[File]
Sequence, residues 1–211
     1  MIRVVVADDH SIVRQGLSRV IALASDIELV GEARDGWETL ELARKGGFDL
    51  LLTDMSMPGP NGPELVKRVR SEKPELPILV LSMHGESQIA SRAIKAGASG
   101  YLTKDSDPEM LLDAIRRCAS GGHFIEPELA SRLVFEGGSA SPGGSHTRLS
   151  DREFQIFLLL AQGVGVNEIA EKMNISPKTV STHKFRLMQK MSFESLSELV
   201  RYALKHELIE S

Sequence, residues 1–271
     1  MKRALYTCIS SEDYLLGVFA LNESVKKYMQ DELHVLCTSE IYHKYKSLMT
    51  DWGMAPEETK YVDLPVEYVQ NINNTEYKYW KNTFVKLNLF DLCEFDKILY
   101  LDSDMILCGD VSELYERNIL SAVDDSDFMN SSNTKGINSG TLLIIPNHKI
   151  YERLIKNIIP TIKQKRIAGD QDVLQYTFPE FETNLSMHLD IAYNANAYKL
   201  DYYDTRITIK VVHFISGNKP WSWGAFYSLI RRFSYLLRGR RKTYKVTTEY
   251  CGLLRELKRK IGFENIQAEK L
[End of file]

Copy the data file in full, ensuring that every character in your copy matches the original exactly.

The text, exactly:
Sequence, residues 1–211
     1  MIRVVVADDH SIVRQGLSRV IALASDIELV GEARDGWETL ELARKGGFDL
    51  LLTDMSMPGP NGPELVKRVR SEKPELPILV LSMHGESQIA SRAIKAGASG
   101  YLTKDSDPEM LLDAIRRCAS GGHFIEPELA SRLVFEGGSA SPGGSHTRLS
   151  DREFQIFLLL AQGVGVNEIA EKMNISPKTV STHKFRLMQK MSFESLSELV
   201  RYALKHELIE S

Sequence, residues 1–271
     1  MKRALYTCIS SEDYLLGVFA LNESVKKYMQ DELHVLCTSE IYHKYKSLMT
    51  DWGMAPEETK YVDLPVEYVQ NINNTEYKYW KNTFVKLNLF DLCEFDKILY
   101  LDSDMILCGD VSELYERNIL SAVDDSDFMN SSNTKGINSG TLLIIPNHKI
   151  YERLIKNIIP TIKQKRIAGD QDVLQYTFPE FETNLSMHLD IAYNANAYKL
   201  DYYDTRITIK VVHFISGNKP WSWGAFYSLI RRFSYLLRGR RKTYKVTTEY
   251  CGLLRELKRK IGFENIQAEK L